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Environmental Station Alpha (PC) artwork

Environmental Station Alpha (PC) review

"An unassuming title that is perhaps the greatest game of its kind since Super Metroid itself."

Environmental Station Alpha (PC) image

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There's simple but powerful joy to be found in exploration, the little accomplishments of finding points of interest isolated from the beaten path. Many video games have sought to capture this emotion in the form of complex level design. In relation to 2D games with exploration elements, two series come to mind, with Metroid offering labyrinthine alien environments and Castlevania presenting sprawling Gothic locales. Of the two, Metroid is remembered for less for its combat but for level design that works in conjunction with ability progression, with return trips to previously explored locales encouraging the player to fully realize his environs by utilizing new equipment earned through the completion of some sort of challenge. Both Metroid and the more combat-focused 2D Castlevania titles have earned their fair share of imitators over the years. Among these is Environmental Station Alpha, whose contextual ingenuity makes it a standout title that achieves a level of greatness comparable to that of its inspiration.

We play as a reconnaissance robot sent to investigate Environmental Station Alpha, a research outpost built onto a planetoid with ruins and a diverse ecosystem. The outpost has entered communication blackout, and it's our job to figure out what happened to the place and neutralize any hostiles. Almost immediately, we have a confrontation with the station's defense system, which drops us deep into the heart of the station. Time to explore!

Environmental Station Alpha (PC) imageEnvironmental Station Alpha (PC) image

Environmental Station Alpha certainly draws inspiration from Super Metroid's school of design. Players explore alien and mechanical environments, combat enemies (boss fights are a highlight), and obtain health boosts and other upgrades. One aspect that ESA does much better than Super Metroid is the controls. In addition to physics that help jumps meet the perfect balance between being weighty yet utilitarian, double jumps, dashes, and perhaps my favorite grappling hook in a 2D game make moving around the station a joy! This movement translates well to the fast-paced combat, which is tense and demanding of skillful use of your abilities. Most vitally, the fluid movement expedites navigation and backtracking, with the help of fast-travel teleporters placed around the intricate map.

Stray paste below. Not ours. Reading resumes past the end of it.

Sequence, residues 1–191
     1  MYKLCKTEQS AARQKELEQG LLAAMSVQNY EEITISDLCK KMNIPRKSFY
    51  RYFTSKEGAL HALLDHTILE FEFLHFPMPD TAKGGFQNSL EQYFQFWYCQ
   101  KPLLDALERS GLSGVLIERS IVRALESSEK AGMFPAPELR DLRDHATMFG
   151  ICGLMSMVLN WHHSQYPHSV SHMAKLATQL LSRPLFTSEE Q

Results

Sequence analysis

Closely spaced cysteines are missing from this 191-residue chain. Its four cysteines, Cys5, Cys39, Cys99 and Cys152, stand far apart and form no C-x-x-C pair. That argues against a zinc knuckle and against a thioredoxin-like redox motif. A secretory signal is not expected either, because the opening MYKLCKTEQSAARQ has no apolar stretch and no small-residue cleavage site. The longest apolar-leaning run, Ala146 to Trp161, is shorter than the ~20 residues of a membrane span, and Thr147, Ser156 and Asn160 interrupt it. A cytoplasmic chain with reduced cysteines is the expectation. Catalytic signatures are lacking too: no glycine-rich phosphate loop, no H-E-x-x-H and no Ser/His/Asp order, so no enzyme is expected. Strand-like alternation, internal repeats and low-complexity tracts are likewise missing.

ESA's environments are varied and interesting, which is good since that's kinda in the title. The volcano, aquatic, and underground desert sectors recall fond memories of Super Metroid but have their own originality and are accompanied by a forest, a derelict spaceship, and more. Progress through the areas, see obstacles you cannot pass before obtaining some gadgets. Simple. However, ESA is unpredictable at times. For instance, reactivate security protocols to open certain areas, but, oh no! Previously inert sentry turrets will now shoot at you! Dynamic level design makes returning to familiar areas fresher and more engaging than simply mowing down old enemies like grass. The level design accommodates the game mechanics not only in reaching new areas, but in making treks through explored ones brief yet worthwhile. The map is densely packed with secrets; recall how in Super Metroid, there would be little empty spaces in even fully explored areas of the map, just some spaces that had no rooms to go to. Here, we have a map that is not only massive but also densely packed with secrets! If there's a gap within the outline of the station in the map, you've got to keep looking for a way to get there if you want to see everything!

Environmental Station Alpha (PC) imageEnvironmental Station Alpha (PC) image

On the matter of level design, a misconception must be cleared; Metroidvanias are vaunted for being non-linear, but this really isn't the case most of the time, even with the best ones. Sure, you get to run around a large place, but you gotta to to this spot to get an item to get to this spot and so on. Metroidvanias are more like hallways full of locked doors behind which lie keys to other doors. You start off with one key and must find the right door to get another key, and so on. There's nothing wrong with this when done properly (don't make us run back and forth to extreme ends of the hallway to progress), but it's hardly nonlinear unless one considers optional areas or exploits game mechanics to perform sequence breaks -- visiting areas and causing events out of the developers' intended order. Environmental Station Alpha lets the player dabble in both! Aside from the sizable optional content, the level design lets us just skip huge chunks of the game. If you know what you're doing, you can just completely ignore entire regions of the map! This, along with the furiously fast movement mechanics, helps make this game an ideal speedrunning challenge, but you'll want to see everything since it's all so good.